Preventing Cardiovascular Disease: The Financial Implications

By Danélia Botes

March 24, 2024

The Financial Burden of Cardiovascular Disease

Cardiovascular disease (CVD) is a significant global health concern, leading in mortality and morbidity rates. Despite the 41% reduction in CVD burden in Australia between 2003 and 2018, it remains a major contributor to the national disease burden, particularly affecting rural and low socioeconomic populations. Currently, there is a diagnosis of hyperlipidemia in over three million adults across the United States and Europe, and this number is rapidly increasing. The financial impact of CVD on Australia’s healthcare budget is noteworthy, with estimates suggesting 8.7% of total health system expenditure is attributable to CVD. The projection for total healthcare costs for CVD is expected to exceed AU$140.65 billion by 2029.

Understanding Hyperlipidemia and its Measurement

Hyperlipidemia is a condition where lipids, including cholesterol and triglycerides, elevate abnormally in the bloodstream. This elevation can lead to the development of atherosclerotic plaque and vascular disease, causing primarily cardiovascular diseases. Doctors often measure low-density lipoprotein (LDL), total cholesterol, triglyceride, or lipoprotein levels to gauge hyperlipidemia.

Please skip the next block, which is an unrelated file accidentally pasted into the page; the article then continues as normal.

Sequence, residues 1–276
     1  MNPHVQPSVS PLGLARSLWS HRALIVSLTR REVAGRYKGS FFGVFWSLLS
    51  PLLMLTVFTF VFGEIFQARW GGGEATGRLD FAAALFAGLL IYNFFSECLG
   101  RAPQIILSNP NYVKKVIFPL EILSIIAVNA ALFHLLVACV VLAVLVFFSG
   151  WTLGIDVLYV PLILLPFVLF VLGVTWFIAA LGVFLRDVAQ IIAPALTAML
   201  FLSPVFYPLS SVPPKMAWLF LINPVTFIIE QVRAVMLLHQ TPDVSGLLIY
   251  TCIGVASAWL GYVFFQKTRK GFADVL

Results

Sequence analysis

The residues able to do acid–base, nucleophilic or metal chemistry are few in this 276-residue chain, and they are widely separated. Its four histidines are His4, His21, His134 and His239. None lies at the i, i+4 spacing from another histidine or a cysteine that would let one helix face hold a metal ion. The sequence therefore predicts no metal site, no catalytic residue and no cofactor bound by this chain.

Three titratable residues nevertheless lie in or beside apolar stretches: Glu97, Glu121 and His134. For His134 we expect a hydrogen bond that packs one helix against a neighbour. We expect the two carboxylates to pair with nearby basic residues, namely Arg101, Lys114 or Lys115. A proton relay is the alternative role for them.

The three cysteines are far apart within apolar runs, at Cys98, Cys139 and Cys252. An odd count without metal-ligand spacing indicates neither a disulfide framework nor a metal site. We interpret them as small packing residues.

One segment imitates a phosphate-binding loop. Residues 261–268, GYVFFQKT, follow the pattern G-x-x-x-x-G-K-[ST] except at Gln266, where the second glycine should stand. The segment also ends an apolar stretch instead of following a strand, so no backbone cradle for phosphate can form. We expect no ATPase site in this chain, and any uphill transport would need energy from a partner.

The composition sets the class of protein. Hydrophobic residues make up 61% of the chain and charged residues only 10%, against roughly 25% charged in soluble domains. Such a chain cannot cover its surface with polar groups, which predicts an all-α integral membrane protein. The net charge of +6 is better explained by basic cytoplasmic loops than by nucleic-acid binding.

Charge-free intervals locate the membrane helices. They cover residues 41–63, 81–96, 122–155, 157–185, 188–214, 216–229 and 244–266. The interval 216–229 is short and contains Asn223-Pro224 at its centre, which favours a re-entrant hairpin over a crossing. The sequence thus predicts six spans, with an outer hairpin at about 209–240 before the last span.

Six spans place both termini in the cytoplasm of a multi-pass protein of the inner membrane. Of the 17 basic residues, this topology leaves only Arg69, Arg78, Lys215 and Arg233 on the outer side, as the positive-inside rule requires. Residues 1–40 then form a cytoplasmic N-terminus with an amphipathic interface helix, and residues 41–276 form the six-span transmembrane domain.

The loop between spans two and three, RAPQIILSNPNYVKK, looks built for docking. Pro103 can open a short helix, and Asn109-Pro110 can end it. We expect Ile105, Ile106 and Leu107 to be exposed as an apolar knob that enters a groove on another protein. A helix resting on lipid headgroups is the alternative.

“Primary prevention” is the term used for managing risk factors like hyperlipidemia to reduce the risk of atherosclerotic cardiovascular disease. There is a wealth of epidemiological data that shows a direct, ongoing relationship between LDL cholesterol levels, cardiovascular events, and patient mortality. This data forms the basis for the argument to lower LDL cholesterol levels.

To control lipid levels, treatment strategies often include the use of statins, Niacin, fibrates, omega-3 fatty acids, ezetimibe, or proprotein convertase subtilisin/kexin type 9 (PCSK9).

Role of Lp(a) in Cardiovascular Disease